The term ‘tax deduction’ in Australia refers to the amount of money claimable by a taxpayer to offset the amount of tax owed by the taxpayer. Most deductions will relate to employment or business activity, although allowances are also made for payments or donations made to, for example, charitable organisations.
For those which relate to business, a deduction is generally allowable ‘to the extent’ that the ‘loss or outgoing’:
- is incurred because you are generating assessable income, or
- has to be incurred to carry on a business so that you can generate assessable income.
Australian taxation law is set out in numerous pieces of legislation. The two main Acts which deal with claiming tax deductions are:
- the Income Tax Assessment Act 1936 (Cth) (‘ITAA36’), and
- the Income Tax Assessment Act 1997 (Cth) (‘ITAA97’).
The main difference between these Acts and most other pieces of legislation is that the taxation Acts are written in way that might be understood by people who are not lawyers or accountants. They use words like ‘you’ rather than ‘individual’ or ‘person’ as is the case for most other Acts.
To calculate a taxpayer’s taxable income, the taxpayer must subtract their allowable tax deductions from their assessable income (ITAA97 s 4-15).
‘Assessable income’ is comprised of ‘ordinary income’ and ‘statutory income’ (ITAA97 s 6-1(1)).
There is no definition of ‘ordinary income’ in the Act, but it is generally taken to mean payments most people would normally think of as income, such as salary or wages, income produced from running a business, or rent payments, interest, and dividends.
Whether a payment is ‘ordinary income’ is determined by reference to ‘the ordinary concepts and usages of mankind’ unless the legislation indicates a contrary intention. Some of the factors which will be considered in determining whether an amount of money is ordinary income include:
- whether there is a connection with the taxpayer’s earning activity (from employment or business)
- whether the payment reoccurs or is a one-off payment, and
- whether it has come as a benefit to the taxpayer as ‘income’.
Generally, a taxpayer’s income will be their salary and wages derived from some sort of personal exertion or services provided, or income derived from a business operated by the taxpayer.
‘Statutory income’ refers to specific categories of income. These categories are set out in division 15 of the ITAA97 and include:
- allowances related to employment or services
- payments for returning to work
- transfer payments for accrued leave
- bounties or subsidies
- profit-making undertakings or loans
- royalties, or payments to a society which collects copyright
- payments received for repairs under a lease obligation
- insurance or indemnity payments relating to the loss of assessable income
- interest accrued on overpayments or early payments of tax
- the provision of mining, quarrying and other related information
- amounts paid under forestry agreements or forestry managed investment schemes
- amounts paid for work in progress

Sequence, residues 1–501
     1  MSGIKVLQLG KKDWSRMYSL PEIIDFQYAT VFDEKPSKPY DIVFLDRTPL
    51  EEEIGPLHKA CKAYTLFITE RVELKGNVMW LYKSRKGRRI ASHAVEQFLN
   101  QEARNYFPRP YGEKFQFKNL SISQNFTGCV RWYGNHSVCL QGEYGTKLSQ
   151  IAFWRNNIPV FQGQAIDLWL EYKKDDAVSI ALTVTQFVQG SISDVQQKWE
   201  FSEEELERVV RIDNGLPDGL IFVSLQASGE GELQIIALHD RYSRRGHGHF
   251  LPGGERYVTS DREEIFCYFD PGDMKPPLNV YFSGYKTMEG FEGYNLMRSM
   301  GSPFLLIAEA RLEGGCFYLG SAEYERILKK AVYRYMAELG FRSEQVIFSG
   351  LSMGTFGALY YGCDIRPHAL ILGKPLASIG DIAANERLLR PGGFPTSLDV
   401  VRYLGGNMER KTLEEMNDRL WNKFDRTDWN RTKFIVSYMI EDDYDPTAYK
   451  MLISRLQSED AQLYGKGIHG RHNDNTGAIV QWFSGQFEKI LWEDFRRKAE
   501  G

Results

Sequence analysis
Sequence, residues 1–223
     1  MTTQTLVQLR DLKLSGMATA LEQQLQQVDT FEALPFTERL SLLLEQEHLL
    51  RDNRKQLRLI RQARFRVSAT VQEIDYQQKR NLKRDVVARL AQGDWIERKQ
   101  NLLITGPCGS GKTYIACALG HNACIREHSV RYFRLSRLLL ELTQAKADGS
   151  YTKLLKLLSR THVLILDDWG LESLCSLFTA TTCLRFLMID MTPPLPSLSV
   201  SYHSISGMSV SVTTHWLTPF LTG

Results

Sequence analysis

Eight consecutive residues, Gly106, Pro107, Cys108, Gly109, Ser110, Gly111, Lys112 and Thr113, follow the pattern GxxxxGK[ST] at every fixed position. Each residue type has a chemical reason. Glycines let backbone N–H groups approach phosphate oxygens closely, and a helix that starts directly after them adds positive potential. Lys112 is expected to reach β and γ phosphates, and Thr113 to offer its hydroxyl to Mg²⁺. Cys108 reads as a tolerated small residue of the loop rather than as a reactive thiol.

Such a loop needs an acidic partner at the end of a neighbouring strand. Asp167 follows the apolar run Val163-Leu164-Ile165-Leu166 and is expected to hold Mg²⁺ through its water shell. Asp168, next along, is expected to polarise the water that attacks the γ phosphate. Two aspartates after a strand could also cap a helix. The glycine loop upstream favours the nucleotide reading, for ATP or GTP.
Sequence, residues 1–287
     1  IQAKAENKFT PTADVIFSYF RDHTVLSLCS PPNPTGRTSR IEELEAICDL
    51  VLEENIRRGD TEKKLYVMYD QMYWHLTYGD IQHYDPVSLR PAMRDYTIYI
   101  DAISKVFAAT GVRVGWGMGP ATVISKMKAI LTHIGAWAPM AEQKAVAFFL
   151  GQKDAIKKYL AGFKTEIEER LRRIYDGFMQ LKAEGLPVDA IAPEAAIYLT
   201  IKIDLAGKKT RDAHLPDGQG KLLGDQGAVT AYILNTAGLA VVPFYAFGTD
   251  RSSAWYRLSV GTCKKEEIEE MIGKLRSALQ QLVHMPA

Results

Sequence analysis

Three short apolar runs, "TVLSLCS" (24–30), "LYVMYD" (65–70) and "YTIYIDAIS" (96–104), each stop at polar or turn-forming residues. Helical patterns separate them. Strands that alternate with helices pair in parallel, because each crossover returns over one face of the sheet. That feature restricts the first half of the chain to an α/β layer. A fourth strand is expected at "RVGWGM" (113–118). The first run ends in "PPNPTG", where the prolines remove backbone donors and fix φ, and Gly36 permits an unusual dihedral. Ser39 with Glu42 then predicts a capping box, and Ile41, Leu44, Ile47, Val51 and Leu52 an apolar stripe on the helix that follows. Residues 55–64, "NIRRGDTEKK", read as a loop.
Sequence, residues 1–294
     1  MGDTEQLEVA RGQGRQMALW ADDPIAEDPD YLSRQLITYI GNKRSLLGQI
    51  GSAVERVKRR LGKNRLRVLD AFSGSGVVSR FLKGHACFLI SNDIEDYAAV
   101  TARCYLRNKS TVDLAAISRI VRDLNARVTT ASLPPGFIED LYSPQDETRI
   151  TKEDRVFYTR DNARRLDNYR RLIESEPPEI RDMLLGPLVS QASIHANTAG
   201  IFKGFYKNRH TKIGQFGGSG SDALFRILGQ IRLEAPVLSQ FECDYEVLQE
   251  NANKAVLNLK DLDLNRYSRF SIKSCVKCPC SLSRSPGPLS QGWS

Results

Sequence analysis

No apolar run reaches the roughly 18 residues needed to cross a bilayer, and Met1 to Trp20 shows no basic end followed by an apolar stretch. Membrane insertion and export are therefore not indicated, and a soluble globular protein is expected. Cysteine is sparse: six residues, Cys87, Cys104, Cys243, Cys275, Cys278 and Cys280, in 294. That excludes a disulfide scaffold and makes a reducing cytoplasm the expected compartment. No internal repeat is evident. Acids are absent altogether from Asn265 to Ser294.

- some amounts paid under funeral policies or scholarship plans
- car expenses which are reimbursed, and
- bonuses received.
A deduction related to business is allowable as far as the payment or loss:
- is sufficiently related to earning assessable income, or
- had to be incurred for a business to generate assessable income.
To determine whether a payment or loss is sufficiently related to your earning, it must be:
- connected to the taxpayer’s scope of employment as an employee (the first limb), or
- a necessary expense for the taxpayer’s business (the second limb).
You cannot claim a deduction when the payment or loss is incurred for domestic purposes.
|Example 1: If the taxpayer is a personal trainer, they cannot claim a magazine subscription in relation to computer hardware simply because they use a computer. The expense must be within the scope of the taxpayer’s earning activity. Here the earning activity is providing fitness training. It may, though, be possible to claim a set of weights that are used solely in providing the personal training services.|
Where an expense has a dual purpose, such as if it has been incurred for the purposes of gaining assessable income AND for personal use, you can only claim the portion of the expense that relates to earning your income.
|Example 2: A taxpayer travels to attend a conference related to their employment, incurring costs for travel, accommodation and food. If the taxpayer only has to attend the conference for a couple of hours each day and spends the remainder of the time sight-seeing or on personal matters, the amount that is claimed as a tax deduction will have to be apportioned appropriately to reflect the percentage of which was for employment purposes.|
Section 8-1(2) of the ITAA97 sets out 4 exemptions that will mean a payment or loss cannot be claimed as a tax deduction. Payments or losses will not be deductible where it is:
- a capital gain, or an asset which is purchased for later resale for the purposes of making a profit, such as a house
- private or domestic in nature
- incurred in gaining or producing exempt income, or
- declared to be non-deductible in the legislation.
This article reflects the state of the law as at 15 June 2016. It is intended to be of a general nature only and does not constitute legal advice. If you require legal assistance, please telephone 1300 636 846 or request a consultation at gotocourt.com.au.